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Stellar: the Ultimate Guide

In cryptocurrency, imitation is the sincerest form of appreciation. This is true even when the imitation comes from one of the creators of the original concept. News that Fidelity Investments may embrace the Stellar blockchain as the backbone of its crypto assets business has not only had XLM rise against the current bear market but return in conversations about its relevance against Ripple. This is following news of IBM officially launching its money transfer business on the Stellar protocol and denied rumors that Facebook is seeking a partnership with Stellar.

This article will look at what Stellar is and how it works.


About Stellar

“Financial infrastructure is currently a mess of closed systems,” the Stellar Consensus Protocol whitepaper reads. “Gaps between these systems mean that transaction costs are high and money moves slowly across political and geographic boundaries. This friction has curtailed the growth of financial services, leaving billions of people undeserved financially.”

“To solve these problems, we need financial infrastructure that supports the kind of organic growth and innovation we’ve seen from the Internet, yet still ensures the integrity of financial transactions. Historically, we have relied on high barriers to entry to ensure integrity. We trust established financial institutions and do our best to regulate them. But this exclusivity conflicts with the goal of organic growth. Growth demands new, innovative participants, who may possess only modest financial and computing resources.”

“We need a worldwide financial network open to anyone, so that new organizations can join and extend financial access to unserved communities. The challenge for such a network is ensuring participants record transactions correctly. With a low barrier to entry, users won’t trust providers to police themselves. With worldwide reach, providers won’t all trust a single entity to operate the network. A compelling alternative is a decentralized system in which participants together ensure integrity by agreeing on the validity of one another’s transactions. Such agreement hinges on a mechanism for worldwide consensus.”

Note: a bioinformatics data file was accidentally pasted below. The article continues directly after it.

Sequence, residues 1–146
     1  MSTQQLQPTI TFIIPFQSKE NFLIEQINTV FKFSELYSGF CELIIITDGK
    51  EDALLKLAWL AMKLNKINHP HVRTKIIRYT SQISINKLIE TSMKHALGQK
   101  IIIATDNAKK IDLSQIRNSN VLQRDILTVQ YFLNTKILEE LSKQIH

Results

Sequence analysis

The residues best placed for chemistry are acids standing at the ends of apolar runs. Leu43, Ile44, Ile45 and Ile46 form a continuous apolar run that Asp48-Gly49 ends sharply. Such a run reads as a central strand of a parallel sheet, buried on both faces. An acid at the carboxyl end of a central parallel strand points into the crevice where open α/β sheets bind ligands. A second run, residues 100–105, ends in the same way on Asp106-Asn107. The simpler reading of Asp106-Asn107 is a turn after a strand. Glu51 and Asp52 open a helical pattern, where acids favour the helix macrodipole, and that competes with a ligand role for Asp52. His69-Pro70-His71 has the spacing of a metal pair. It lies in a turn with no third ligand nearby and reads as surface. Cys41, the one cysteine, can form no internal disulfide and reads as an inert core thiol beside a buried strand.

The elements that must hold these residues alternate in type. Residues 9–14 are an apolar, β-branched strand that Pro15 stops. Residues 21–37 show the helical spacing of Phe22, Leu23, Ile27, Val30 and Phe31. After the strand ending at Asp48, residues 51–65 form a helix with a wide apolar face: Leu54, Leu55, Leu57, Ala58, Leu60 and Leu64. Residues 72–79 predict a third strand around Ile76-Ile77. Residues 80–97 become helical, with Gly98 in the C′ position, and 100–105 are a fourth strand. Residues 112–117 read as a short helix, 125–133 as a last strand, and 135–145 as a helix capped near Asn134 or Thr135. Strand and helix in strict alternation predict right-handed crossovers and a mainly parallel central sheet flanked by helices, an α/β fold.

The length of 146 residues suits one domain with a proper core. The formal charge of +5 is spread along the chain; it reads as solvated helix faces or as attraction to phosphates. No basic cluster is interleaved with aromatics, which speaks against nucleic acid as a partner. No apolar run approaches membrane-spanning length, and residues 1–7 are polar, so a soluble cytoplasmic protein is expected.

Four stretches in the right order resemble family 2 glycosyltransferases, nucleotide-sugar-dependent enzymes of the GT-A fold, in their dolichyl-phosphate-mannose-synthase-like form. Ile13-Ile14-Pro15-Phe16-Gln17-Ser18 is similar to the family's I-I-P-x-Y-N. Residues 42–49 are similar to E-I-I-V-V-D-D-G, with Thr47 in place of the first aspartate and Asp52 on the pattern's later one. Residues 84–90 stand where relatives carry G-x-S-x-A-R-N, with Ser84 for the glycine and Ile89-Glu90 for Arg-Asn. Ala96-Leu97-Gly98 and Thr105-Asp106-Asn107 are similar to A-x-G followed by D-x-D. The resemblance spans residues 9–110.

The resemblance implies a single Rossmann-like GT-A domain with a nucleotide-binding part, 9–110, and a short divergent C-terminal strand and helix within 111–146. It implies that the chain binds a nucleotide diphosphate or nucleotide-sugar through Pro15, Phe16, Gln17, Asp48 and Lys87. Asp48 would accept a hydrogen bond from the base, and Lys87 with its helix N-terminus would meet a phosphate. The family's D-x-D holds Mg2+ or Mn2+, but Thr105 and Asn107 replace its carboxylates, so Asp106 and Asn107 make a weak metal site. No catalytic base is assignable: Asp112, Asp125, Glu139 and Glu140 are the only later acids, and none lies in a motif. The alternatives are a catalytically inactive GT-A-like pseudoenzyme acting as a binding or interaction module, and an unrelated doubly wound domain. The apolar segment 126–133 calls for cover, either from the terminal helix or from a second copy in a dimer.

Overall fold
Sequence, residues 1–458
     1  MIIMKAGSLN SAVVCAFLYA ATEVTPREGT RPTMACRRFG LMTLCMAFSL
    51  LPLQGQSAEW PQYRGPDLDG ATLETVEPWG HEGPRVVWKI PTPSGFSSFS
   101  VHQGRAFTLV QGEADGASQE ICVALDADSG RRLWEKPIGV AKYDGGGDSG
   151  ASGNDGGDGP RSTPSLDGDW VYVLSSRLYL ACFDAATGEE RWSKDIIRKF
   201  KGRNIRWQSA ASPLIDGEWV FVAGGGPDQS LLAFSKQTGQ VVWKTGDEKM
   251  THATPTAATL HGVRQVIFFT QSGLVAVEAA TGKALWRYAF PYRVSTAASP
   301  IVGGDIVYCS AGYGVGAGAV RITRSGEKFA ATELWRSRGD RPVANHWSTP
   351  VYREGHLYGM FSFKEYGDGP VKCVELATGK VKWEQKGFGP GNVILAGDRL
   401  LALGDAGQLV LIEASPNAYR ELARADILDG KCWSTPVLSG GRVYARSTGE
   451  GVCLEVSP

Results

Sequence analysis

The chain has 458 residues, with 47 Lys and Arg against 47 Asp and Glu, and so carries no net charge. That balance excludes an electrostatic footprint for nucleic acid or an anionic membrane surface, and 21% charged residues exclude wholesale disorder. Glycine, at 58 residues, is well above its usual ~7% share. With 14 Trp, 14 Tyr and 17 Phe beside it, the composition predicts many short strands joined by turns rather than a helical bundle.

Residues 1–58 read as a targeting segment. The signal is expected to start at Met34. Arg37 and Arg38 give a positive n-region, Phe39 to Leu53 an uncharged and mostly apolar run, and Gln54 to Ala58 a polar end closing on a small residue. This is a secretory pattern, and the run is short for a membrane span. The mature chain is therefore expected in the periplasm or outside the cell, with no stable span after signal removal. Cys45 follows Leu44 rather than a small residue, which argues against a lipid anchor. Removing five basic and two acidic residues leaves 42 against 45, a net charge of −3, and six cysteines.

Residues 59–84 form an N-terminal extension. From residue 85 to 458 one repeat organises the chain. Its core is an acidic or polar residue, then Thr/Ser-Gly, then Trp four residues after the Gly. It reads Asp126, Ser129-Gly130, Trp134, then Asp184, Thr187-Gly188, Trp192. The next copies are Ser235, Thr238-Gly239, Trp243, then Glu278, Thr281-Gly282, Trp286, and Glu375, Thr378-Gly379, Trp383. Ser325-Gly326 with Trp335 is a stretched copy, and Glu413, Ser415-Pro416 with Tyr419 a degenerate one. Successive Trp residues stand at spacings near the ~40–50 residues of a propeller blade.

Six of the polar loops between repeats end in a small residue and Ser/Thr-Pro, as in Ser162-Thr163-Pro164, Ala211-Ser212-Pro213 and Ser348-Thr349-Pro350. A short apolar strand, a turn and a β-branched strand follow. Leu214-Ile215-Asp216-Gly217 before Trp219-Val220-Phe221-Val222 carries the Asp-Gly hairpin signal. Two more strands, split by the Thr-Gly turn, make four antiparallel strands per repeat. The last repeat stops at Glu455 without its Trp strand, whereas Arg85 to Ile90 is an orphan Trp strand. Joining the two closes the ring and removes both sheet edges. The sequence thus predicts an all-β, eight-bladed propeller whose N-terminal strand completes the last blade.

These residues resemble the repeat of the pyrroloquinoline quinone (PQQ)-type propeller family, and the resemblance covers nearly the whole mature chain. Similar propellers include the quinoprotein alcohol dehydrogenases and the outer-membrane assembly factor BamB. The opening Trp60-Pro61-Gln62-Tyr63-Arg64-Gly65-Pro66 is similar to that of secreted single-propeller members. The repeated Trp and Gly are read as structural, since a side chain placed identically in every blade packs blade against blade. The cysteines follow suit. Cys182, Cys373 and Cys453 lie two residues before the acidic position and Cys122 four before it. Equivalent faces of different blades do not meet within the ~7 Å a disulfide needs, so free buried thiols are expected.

Stellar is a non-profit digital currency to fiat currency money transfer protocol. Created in 2014 by Ripple co-founder and founder of Mt Gox Jed McCaleb and former lawyer Joyce Kim, Stellar is ran by the Stellar Development Foundation – which was formed in collaboration with Stripe CEO Patrick Collision and with $3 million in seed funding from Stripe.

While Stellar is like Ripple in many ways – as they are designed to simplify cross-border payments – there are notable differences. Both are centralized blockchains based on open-source software. Stellar’s blockchain software, however, remains open-source, while Ripple is proprietary. Ripple is a for-profit company, while the Stellar Development Foundation is non-profit.

The token for Stellar is the Lumen (XLM), compared to XRP for Ripple. Like Ripple, while Lumens can hold value as a tradeable asset, they work on the Stellar platform as a transfer token. Fiat currency is exchanged for a Lumen, which is moved through the blockchain from one connected bank to another. Once the Lumen reaches its destination, it is converted back to the fiat currency. It is akin to buying a money order and sending it by mail to its destination; the actual fiat currency never crosses border, so thee is no fear of entanglements.

This is important because real-time gross settlement and payment is a problem-full area for global commerce. If you were to transfer money over a global money network, such as that of a major credit card or a transnational bank, the money transfer would be as simple as an email from the source to the destination. However, if you were to send money across multiple nations, shenanigans can occur. The reason for this is that each network has its own processing fees, processing schedules, and tracking and verification methodologies. Cross-network payments (correspondent banking) can take days or weeks to process, can have excessive fees, and can – on occasion – be lost entirely.